The Apple iPad is only seven years old this year. Believe it or not, the first one was launched in April 2010, and if you dig a first generation iPad out of the storage cupboard you’ll find it’s probably more useful as a paperweight than anything else – it doesn’t even have a camera! Frighteningly it, and second and third generation iPads, are also unsupported by Apple.
Leaving aside Apple’s rabid upgrade tactics and the notoriously short lifespan of its devices, this is just one indication of how fast technology is changing. Therefore, it’s likely that the decision on whether or not to upgrade your financial system, for instance, is pretty much a done deal. Any argument for a “wait and see” approach has been crushed by the reality that the longer you stay with a legacy system, the further you fall behind your competitors, your customers and your employees.
In the event of a disaster your clapped out old iPad 1 equivalent is going to be harder and more expensive to fix, and the risk of data loss is greater. But you need to go into any systems migration with your eyes wide open. Here are some of the things to watch for.
End User Resistance
One of the main factors that can make the difference between a migration project sinking or swimming is the involvement of the end users. Consider the public outcry when a platform such as Facebook or Instagram makes even minor changes to their software.
End users are typically attached to familiar experiences of systems, and this colours their expectations of any upgrades. Plus, they expect systems to be as easy-to-use and intuitive as the consumer apps they use every day. A disconnect here can manifest as resistance to the new system and a loss of time and money for the business.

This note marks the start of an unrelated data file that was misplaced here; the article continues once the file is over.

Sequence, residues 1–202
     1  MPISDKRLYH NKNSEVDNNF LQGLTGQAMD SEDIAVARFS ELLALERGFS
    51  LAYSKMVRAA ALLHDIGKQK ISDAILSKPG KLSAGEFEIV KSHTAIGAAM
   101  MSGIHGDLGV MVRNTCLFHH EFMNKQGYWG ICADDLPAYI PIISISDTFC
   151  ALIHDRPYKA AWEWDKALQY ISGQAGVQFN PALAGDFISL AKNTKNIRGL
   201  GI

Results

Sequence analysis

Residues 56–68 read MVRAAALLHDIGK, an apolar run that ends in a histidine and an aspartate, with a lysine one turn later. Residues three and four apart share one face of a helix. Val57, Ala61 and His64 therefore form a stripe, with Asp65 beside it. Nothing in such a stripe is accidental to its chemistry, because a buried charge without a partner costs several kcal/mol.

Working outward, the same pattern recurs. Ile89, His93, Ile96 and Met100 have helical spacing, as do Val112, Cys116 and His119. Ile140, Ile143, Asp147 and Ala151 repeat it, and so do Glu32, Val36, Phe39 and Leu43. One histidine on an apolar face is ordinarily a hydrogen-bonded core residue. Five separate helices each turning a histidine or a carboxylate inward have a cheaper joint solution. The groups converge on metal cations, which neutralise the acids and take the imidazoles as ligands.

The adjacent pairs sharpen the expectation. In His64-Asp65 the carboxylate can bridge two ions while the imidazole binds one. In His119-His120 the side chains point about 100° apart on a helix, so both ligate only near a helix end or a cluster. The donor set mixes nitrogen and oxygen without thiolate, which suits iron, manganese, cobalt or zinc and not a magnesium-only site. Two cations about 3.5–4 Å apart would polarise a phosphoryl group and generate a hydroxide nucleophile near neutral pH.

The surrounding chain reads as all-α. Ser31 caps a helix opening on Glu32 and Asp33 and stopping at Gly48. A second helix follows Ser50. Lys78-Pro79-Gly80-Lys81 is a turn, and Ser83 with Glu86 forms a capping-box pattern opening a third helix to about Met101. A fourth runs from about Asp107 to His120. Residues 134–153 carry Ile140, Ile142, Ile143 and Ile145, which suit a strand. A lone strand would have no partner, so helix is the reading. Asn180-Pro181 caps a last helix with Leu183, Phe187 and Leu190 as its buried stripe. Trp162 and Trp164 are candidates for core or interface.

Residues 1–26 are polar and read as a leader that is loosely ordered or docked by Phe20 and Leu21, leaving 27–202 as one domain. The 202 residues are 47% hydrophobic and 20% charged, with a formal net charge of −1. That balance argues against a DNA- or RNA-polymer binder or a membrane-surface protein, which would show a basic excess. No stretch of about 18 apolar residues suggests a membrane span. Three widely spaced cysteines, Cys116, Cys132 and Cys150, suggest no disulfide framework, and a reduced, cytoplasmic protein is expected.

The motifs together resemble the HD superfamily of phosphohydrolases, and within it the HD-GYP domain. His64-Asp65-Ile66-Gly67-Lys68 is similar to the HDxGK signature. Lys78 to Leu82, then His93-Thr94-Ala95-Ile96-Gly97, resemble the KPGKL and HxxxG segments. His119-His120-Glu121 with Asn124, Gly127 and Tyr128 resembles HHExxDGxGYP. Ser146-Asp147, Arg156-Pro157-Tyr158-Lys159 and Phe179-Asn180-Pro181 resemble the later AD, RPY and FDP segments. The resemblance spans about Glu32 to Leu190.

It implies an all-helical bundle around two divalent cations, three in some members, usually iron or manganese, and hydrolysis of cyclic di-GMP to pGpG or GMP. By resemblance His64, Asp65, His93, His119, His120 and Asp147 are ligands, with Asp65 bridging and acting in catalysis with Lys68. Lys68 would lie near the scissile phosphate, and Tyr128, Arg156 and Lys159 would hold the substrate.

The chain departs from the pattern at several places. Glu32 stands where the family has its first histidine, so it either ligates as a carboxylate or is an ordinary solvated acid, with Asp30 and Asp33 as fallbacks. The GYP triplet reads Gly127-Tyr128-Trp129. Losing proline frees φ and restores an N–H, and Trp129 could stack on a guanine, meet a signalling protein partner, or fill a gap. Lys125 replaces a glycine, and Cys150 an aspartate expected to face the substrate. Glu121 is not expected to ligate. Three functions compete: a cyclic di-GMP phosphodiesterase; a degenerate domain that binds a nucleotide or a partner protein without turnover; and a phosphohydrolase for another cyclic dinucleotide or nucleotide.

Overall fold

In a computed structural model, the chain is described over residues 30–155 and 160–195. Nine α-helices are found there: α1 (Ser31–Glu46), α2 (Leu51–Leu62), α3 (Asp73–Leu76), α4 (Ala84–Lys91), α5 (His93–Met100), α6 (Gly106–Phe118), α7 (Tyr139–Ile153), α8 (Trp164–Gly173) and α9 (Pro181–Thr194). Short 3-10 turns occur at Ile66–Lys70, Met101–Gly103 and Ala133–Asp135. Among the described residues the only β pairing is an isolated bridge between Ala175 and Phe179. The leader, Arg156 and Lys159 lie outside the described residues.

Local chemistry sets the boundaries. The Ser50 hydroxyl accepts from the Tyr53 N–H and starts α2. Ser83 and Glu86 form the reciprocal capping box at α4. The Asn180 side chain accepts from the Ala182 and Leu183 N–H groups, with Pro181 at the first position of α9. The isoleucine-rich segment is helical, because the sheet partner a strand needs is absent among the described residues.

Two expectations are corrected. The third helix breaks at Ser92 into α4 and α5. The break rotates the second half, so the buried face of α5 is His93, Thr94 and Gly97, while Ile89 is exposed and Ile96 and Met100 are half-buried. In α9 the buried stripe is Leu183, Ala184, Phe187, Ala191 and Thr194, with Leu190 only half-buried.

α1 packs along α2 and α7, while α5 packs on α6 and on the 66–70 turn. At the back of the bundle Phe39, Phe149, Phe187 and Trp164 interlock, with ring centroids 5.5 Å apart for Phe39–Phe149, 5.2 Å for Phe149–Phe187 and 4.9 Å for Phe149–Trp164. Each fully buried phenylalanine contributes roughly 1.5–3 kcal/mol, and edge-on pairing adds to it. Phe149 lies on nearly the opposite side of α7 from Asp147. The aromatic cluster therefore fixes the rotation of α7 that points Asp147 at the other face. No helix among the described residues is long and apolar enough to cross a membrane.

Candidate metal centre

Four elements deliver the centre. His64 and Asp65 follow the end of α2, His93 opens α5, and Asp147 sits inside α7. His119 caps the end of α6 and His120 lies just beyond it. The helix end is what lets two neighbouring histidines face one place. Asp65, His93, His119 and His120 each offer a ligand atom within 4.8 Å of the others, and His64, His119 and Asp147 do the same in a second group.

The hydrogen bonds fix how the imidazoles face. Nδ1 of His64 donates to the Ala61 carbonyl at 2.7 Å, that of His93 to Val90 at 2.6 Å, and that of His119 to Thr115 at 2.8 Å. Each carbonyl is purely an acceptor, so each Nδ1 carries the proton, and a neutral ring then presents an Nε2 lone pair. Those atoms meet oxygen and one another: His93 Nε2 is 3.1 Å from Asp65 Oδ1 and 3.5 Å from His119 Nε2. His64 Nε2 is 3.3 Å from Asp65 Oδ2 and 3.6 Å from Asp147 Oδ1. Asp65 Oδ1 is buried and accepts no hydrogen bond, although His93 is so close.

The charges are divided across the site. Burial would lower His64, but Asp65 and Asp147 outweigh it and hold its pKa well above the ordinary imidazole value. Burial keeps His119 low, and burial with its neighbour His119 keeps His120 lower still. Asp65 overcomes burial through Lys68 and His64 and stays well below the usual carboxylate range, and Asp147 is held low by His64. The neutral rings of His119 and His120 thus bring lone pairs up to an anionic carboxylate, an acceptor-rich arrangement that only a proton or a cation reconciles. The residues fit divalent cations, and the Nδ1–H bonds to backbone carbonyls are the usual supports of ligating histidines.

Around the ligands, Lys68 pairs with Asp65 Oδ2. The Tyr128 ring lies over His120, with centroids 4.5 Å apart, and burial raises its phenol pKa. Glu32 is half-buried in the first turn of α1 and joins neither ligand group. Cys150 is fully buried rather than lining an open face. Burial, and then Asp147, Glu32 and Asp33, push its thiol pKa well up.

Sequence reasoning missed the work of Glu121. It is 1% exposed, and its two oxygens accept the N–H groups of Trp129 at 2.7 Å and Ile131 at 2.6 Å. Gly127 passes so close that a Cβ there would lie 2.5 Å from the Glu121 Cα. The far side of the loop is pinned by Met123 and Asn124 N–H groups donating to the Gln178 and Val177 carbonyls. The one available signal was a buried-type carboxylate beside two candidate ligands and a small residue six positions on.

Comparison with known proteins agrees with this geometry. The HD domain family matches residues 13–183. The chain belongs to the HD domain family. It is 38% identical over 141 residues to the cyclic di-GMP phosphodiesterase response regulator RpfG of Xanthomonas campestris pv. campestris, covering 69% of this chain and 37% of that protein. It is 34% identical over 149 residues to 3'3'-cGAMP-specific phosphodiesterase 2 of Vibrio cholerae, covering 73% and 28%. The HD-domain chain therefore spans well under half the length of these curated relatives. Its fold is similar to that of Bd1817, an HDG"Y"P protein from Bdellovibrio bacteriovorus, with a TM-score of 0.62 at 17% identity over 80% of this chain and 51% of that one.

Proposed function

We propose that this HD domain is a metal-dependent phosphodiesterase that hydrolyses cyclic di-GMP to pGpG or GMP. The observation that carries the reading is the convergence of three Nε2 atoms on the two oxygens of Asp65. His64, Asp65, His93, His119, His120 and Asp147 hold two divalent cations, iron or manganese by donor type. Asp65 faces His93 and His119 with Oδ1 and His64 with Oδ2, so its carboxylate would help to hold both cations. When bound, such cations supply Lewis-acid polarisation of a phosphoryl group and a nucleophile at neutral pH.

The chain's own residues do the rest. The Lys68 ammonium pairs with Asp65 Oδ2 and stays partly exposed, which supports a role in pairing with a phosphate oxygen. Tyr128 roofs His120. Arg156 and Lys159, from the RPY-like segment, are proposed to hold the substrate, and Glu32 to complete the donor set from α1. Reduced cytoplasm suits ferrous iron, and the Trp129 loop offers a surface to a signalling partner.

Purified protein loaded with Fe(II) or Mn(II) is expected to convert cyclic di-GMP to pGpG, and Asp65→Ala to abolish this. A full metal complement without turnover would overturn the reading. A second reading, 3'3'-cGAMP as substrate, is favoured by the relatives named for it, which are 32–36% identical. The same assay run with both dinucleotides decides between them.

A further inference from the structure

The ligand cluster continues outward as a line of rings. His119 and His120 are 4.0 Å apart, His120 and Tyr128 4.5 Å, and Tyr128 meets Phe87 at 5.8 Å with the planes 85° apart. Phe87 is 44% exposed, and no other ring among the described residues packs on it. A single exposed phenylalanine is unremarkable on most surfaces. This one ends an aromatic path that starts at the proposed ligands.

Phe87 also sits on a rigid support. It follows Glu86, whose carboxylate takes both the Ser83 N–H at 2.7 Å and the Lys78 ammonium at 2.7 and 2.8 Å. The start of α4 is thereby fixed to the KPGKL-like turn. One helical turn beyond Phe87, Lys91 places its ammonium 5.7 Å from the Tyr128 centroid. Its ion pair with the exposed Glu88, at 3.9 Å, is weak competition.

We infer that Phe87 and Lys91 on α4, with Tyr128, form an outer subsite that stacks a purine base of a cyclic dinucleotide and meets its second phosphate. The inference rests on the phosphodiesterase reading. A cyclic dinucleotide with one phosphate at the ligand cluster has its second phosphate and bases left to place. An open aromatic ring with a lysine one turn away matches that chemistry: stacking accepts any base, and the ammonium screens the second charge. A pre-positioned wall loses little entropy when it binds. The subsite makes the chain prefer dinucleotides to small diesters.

User Requirements It is also vital to understand your users’ requirements and deliver on that. In other words, give them what they need to do their jobs well; don’t give them everything merely because it is there in the new ERP system.
Learn from the Google search home page: limit complexity to improve productivity. Do users really need to enter account codes? And for that matter, do they even need to see them? Remember that what a non-financial user of your new system requires can be quite different to that of a finance department user.
Chart of Accounts Opportunity Now consider that a financial systems migration is a great opportunity to restructure your company’s chart of accounts (COA). Your business has almost definitely changed to such an extent that your current COA is no longer suitable to today’s reporting requirements.
However, when implementing an updated COA you need to get two things right. You need to create an environment whereby you can provide reasonable comparative information when the account codes are different. And, secondly, you need to figure out how to reproduce historical numbers when the accounts, as well as how they are aggregated, differ to the legacy system.
When mapping historical codes to new ones it is unlikely that there will be a one-to-one relationship from old to new. And when you have a one-to-many or many-to-one relationship, comparative reporting becomes a challenge.
Data Migration And what about data migration? Decisions need to be made about which data is migrated and how many years to go back. The simple decision is normally to migrate immediate history and maintain a minimum license on the old system to be able to access historical information. But do you really think your old system is going to be a key priority for your previous service provider, especially after you have slashed your contract with them?
Major system migration is never easy and the pitfalls are many, despite what the salesman tells you! However, if you approach challenges with eyes wide open you are better prepared to identify the potential pitfalls and navigate around them.
Article published on Accountingweb May 2017 http://www.accountingweb.co.uk/community/blogs/kevin-philips/fs-system-migrations-beware-the-pitfalls-and-enjoy-the-upsides